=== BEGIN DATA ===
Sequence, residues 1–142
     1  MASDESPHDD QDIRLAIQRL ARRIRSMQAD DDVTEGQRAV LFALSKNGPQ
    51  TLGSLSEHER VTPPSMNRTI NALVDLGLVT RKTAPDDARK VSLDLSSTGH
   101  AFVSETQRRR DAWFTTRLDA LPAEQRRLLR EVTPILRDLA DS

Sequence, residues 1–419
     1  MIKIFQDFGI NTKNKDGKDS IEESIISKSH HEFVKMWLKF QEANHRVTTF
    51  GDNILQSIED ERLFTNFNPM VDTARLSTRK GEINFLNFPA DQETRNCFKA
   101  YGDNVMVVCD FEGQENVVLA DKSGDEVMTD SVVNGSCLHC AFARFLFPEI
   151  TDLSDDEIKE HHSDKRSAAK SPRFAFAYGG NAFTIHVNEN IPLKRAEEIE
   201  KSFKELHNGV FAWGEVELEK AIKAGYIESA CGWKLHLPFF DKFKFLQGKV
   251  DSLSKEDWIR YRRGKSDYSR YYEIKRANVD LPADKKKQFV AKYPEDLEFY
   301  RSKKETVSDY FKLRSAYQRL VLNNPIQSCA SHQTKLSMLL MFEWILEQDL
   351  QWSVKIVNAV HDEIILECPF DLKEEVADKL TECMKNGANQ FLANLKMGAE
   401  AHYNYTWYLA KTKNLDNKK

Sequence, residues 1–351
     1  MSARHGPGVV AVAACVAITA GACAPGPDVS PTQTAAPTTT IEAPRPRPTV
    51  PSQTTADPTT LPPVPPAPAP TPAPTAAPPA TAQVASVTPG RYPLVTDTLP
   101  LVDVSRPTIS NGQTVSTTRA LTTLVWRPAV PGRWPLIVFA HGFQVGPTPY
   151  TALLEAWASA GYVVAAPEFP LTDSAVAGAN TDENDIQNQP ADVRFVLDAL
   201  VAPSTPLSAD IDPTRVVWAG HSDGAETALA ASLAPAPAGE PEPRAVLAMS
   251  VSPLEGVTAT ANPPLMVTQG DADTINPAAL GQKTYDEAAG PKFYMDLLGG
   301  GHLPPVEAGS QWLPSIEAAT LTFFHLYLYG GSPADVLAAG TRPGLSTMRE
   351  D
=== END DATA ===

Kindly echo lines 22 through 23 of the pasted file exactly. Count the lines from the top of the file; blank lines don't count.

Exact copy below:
   301  GHLPPVEAGS QWLPSIEAAT LTFFHLYLYG GSPADVLAAG TRPGLSTMRE
   351  D